Mumbai, June 24 (IANS) Caught unawares by the UK’s decision to pull out of the European Union, Indian financial markets went into a tizzy on Friday to see a 4 per cent fall in a key equity index and a sharp drop in the rupee’s value to 68 a dollar before the authorities sought to calm investor mood.
By the time the Indian stock markets opened, it was becoming clear that Britons had voted in the crucial referendum to opt out of the European Union. This led the sensitive index (Sensex) of the BSE to open at 26,367.48 points, against the previous close at 27,002.22 points.
This was a fall of 634.74 points, or 2.35 per cent. But as the actual result came in, the markets, which had just a day ago felt that the UK will remain in the EU, were further shaken. At that point, the Sensex was languishing at 25,911.33 points, down as much as 1,090.89 points, or 4.04 per cent.
But statements by Finance Minister Arun Jaitley and the Reserve Bank of India Governor Raghuram Rajan, appeared to have calmed the sentiments somewhat. The key index finally closed the day at 26,397.71 points, down 604.51 points, or 2.24 per cent.
This was the lowest fall in percentage terms since May 12, 2015. This wiped off nearly Rs 3.3 lakh crore in the market capitalisation of BSE listed stocks.
The Nifty of the National Stock Exchange also recouped some losses and ended at 8,088.60 points, down 181.85 points, or 2.20 percent. Forty five of the 51 scrips that comprise the Nifty ended lower, while six bucked the trend.
The markets had anticipated a “remain vote” in the UK referendum and key indices had gained a little over 0.8 per cent on Thursday.
But as the markets started plummeting, both the finance minister and the central bank governor issued quick statements.
“The government and the Reserve Bank of India as well as other regulators are well prepared, and working closely together, to deal with any short term volatility. Our aim will be to smooth this volatility and minimize its impact on the economy in the short term,” Jaitley said.
“At the same time, for the medium term, we will steadfastly pursue our ambitious reform agenda — including early passage of goods and services tax (bill) that will help us realise our medium term growth potential of 8-9 per cent and help achieve our objective of development for all.”
Rajan’s comments were similar, focusing on India’s economic fundamentals, and were particularly aimed at the currency markets — that saw the Indian rupee take the sharpest hit since August 2015 and plunge to 68.21 to a dollar.
“The Reserve Bank of India is continuously maintaining a close vigil on market developments, both domestically and internationally, and will take all steps, including providing liquidity support (both dollar and rupee), to ensure orderly conditions in financial markets,” Rajan said.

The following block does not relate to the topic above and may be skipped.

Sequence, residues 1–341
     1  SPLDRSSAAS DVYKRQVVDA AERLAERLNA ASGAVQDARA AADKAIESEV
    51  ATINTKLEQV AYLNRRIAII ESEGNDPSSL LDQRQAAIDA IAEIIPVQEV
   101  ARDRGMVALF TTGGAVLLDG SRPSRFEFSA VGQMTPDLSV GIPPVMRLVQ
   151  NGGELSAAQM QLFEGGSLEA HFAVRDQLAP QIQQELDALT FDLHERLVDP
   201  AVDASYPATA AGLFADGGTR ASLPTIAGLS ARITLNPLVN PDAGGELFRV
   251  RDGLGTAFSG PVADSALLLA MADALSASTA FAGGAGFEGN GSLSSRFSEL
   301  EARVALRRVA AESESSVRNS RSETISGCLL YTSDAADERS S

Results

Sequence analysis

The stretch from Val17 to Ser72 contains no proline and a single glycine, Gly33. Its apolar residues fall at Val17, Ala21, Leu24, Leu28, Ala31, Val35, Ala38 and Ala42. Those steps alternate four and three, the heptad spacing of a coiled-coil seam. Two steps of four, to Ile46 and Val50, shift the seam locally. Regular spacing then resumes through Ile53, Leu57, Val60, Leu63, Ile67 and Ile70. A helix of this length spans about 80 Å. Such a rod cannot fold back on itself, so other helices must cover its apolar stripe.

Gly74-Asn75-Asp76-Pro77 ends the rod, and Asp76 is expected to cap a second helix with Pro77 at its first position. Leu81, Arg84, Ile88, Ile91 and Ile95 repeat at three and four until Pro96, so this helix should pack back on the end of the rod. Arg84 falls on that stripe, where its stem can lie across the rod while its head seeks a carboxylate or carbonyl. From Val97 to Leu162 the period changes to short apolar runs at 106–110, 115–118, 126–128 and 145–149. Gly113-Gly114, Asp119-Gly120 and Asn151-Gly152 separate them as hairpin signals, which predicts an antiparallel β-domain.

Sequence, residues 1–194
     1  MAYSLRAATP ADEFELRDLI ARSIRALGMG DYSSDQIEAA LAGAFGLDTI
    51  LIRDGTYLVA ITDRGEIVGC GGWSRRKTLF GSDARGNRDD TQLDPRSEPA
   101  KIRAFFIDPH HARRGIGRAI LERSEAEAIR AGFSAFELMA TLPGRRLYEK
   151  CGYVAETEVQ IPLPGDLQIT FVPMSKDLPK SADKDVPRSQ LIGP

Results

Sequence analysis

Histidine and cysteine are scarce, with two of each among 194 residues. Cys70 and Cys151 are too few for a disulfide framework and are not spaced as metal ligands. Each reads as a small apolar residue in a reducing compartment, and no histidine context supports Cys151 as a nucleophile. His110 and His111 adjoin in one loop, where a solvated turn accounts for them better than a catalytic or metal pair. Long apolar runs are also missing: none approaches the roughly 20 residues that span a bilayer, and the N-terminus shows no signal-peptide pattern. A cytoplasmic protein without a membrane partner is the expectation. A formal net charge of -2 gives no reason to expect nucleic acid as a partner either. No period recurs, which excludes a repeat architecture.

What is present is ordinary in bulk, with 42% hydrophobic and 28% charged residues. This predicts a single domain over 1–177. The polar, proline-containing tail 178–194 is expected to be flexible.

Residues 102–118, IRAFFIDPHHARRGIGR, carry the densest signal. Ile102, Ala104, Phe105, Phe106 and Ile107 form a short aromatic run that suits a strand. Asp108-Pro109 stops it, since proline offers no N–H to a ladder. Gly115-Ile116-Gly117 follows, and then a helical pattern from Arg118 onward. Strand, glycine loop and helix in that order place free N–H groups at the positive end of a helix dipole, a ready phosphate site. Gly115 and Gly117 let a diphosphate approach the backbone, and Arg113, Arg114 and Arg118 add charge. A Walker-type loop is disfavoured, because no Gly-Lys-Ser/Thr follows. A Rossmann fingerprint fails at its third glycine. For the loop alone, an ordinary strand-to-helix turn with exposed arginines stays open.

The Bank of England too made some responsible statements.
“We are well prepared for Brexit. We are ready to provide additional funding of 250 billion pound sterling. We are also ready to meet additional substantial liquidity needs if required,” Governor Mark Carney said at a press conference in London.
Just around that time, the pound had dropped 11 per cent to its lowest level in more than three decades to $1.3224. It could not recoup much.
The rupee also took a major beating of as much as 96 paise and fell to an intra-day low below 68 to a US dollar. It eventually closed around 71 paise lower at 67.96-97 against the dollar.
Taking a closer look at Indian equity markets, all the 30 Sensex scrips were in the red at one point. But by the end of the trading session, seven managed to go into the green. Tata Motors and Tata Steel were the worst performers, while Mahindra and Mahindra and Bajaj Auto ended higher.
But none of the sector-specific indices could close higher. The steepest fall was in the realty index, down 3.74 per cent, followed by the index for industrials, down 3.62 per cent, and metals, which fell 3.59 per cent, due to Tata Steel’s weight.
“It helped that the finance minister and the central bank governor reassured investors that India’s economic fundamentals are strong and that everything would be done to curb volatility,” Anand James, Chief Market Strategist at Geojit BNP Paribas, told IANS.
Vaibhav Agrawal, Vice President and Research Head at Angel Broking, said: “Global markets will continue to be under pressure due to volatility in currency and bond markets in the days to come.”
During the day, foreign funds were net sellers of shares worth Rs 629.14 crore, while domestic institutional investors were net buyers, investing Rs 114.94 crore.